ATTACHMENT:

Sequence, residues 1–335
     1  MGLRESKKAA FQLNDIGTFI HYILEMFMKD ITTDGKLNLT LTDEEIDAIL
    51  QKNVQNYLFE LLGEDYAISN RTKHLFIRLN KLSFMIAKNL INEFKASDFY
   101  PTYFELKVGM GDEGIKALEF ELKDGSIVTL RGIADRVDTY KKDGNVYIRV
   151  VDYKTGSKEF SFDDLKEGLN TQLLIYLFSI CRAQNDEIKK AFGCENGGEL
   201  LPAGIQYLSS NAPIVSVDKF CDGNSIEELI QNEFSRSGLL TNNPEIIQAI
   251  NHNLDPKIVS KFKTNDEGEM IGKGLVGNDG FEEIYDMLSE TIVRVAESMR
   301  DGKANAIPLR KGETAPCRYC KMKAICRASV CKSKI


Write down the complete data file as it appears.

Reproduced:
Sequence, residues 1–335
     1  MGLRESKKAA FQLNDIGTFI HYILEMFMKD ITTDGKLNLT LTDEEIDAIL
    51  QKNVQNYLFE LLGEDYAISN RTKHLFIRLN KLSFMIAKNL INEFKASDFY
   101  PTYFELKVGM GDEGIKALEF ELKDGSIVTL RGIADRVDTY KKDGNVYIRV
   151  VDYKTGSKEF SFDDLKEGLN TQLLIYLFSI CRAQNDEIKK AFGCENGGEL
   201  LPAGIQYLSS NAPIVSVDKF CDGNSIEELI QNEFSRSGLL TNNPEIIQAI
   251  NHNLDPKIVS KFKTNDEGEM IGKGLVGNDG FEEIYDMLSE TIVRVAESMR
   301  DGKANAIPLR KGETAPCRYC KMKAICRASV CKSKI